4. Kyrie Irving, Cleveland Cavaliers
Uncle Drew nearly cracked his way into the top three after the exhilarating performance in the Finals against Golden State. I don’t want to beat around the bush too much, but he outplayed the two-time MVP, and without him, Cleveland is not winning that championship. He’s unguardable, so Thompson, Curry, and any big who switched on the pick-and-roll had no chance of stopping him.
Usually, defenders can sag off a bit because his outside shot was off during the regular season (32 percent), but the former first overall pick stepped up when it mattered most and finished the postseason at a staggering 44 percent from deep. Add that to a knock down mid-range shot, blurring quickness, and a multitude of obscure layups, defenses can only do so much to stop him. With that impressive arsenal, Irving embodies the new-era point guard and actually plays more of a shooting guard role with Cleveland because LeBron is a major dictator of the offense. Yes, Kyrie takes control from time-to-time, but it’s James’ team.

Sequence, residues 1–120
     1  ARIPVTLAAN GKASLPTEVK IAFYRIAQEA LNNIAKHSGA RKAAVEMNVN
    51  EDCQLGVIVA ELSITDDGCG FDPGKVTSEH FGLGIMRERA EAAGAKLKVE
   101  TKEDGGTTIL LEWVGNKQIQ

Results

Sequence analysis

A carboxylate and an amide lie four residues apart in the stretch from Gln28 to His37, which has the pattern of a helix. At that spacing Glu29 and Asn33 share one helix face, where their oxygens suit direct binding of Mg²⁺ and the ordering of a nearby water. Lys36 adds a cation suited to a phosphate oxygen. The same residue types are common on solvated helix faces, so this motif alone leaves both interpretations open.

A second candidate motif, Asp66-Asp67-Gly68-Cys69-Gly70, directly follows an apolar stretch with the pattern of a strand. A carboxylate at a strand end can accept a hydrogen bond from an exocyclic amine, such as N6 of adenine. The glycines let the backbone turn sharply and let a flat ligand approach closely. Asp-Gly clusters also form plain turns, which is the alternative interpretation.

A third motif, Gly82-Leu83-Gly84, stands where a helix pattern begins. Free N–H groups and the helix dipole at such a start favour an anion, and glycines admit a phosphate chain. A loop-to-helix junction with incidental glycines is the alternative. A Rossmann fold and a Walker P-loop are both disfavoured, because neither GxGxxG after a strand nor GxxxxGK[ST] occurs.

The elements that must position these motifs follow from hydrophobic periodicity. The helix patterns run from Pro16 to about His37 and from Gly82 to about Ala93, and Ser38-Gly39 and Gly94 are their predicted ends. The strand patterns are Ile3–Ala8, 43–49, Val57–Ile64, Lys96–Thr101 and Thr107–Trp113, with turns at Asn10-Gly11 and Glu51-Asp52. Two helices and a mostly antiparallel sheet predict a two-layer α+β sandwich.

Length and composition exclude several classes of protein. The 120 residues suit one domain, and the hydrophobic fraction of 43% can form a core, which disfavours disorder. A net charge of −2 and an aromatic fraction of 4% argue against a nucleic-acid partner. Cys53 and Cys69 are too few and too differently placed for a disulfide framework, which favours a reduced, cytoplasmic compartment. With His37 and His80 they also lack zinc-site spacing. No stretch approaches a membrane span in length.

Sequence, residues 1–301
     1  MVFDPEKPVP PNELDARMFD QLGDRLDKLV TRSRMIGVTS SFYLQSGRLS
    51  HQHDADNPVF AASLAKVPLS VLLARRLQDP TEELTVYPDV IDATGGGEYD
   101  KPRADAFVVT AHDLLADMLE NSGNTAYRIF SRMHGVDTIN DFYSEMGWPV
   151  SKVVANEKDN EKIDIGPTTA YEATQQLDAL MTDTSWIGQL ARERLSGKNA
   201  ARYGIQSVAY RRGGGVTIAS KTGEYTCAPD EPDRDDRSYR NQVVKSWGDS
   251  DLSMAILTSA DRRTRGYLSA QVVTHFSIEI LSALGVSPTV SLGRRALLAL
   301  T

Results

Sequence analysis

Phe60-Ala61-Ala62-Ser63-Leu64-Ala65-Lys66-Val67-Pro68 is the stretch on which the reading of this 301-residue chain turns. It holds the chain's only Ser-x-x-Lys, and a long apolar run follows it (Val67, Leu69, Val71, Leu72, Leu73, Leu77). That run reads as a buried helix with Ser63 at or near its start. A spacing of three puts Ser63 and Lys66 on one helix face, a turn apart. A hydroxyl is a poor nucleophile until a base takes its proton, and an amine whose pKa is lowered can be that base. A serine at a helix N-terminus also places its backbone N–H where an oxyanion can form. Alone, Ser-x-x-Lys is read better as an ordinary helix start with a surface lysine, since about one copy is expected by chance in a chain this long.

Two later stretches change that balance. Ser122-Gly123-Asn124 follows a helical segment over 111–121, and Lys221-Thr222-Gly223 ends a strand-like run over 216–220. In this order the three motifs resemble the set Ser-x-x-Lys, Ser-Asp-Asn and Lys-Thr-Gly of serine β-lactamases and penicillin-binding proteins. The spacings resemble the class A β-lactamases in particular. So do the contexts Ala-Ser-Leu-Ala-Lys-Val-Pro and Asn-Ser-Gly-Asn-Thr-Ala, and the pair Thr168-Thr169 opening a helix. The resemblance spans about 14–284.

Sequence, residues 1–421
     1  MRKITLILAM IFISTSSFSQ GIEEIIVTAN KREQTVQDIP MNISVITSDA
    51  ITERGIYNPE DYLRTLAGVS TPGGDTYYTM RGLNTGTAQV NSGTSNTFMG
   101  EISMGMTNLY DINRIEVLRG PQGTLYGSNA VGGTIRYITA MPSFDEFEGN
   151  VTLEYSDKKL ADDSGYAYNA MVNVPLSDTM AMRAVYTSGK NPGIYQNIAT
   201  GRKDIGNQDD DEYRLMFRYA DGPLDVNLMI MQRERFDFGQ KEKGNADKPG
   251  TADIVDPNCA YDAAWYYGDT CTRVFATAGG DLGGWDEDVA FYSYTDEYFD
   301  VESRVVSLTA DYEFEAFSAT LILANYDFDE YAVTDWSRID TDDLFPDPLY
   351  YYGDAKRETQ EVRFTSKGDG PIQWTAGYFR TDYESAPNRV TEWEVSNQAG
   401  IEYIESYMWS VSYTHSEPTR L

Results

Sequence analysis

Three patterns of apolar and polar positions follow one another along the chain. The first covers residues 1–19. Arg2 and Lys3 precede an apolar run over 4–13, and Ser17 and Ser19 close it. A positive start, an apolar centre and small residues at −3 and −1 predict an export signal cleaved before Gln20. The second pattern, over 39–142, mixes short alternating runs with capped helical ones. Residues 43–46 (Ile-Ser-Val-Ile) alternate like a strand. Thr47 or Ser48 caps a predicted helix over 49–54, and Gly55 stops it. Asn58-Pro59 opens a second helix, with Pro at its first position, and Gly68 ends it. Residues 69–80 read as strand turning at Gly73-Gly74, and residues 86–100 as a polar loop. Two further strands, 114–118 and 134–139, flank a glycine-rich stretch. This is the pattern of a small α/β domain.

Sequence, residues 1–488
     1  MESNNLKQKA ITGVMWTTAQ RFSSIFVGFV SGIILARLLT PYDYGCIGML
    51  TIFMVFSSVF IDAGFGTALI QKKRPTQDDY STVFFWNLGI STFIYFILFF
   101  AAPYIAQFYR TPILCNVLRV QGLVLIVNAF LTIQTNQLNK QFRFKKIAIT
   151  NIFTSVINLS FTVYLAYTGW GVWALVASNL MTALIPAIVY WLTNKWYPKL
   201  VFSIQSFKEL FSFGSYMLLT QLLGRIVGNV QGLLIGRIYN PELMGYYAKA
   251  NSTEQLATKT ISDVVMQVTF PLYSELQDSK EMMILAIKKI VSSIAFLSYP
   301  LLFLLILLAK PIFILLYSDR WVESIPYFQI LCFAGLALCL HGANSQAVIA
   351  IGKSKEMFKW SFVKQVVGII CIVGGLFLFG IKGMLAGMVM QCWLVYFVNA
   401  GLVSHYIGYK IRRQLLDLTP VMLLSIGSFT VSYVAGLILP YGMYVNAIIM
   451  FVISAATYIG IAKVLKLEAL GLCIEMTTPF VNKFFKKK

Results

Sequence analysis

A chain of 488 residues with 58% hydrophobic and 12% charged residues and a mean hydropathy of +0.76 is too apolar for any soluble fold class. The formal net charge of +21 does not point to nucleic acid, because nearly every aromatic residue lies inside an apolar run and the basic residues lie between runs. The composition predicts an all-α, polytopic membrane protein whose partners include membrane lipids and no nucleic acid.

The most welcoming improvement for Irving is on defense, where he was surprisingly effective even though he was coming back from a knee injury. He’s not going to make any NBA All-Defensive teams, but having a competitive guard on that end of the court is huge for any contender.
Next: No. 3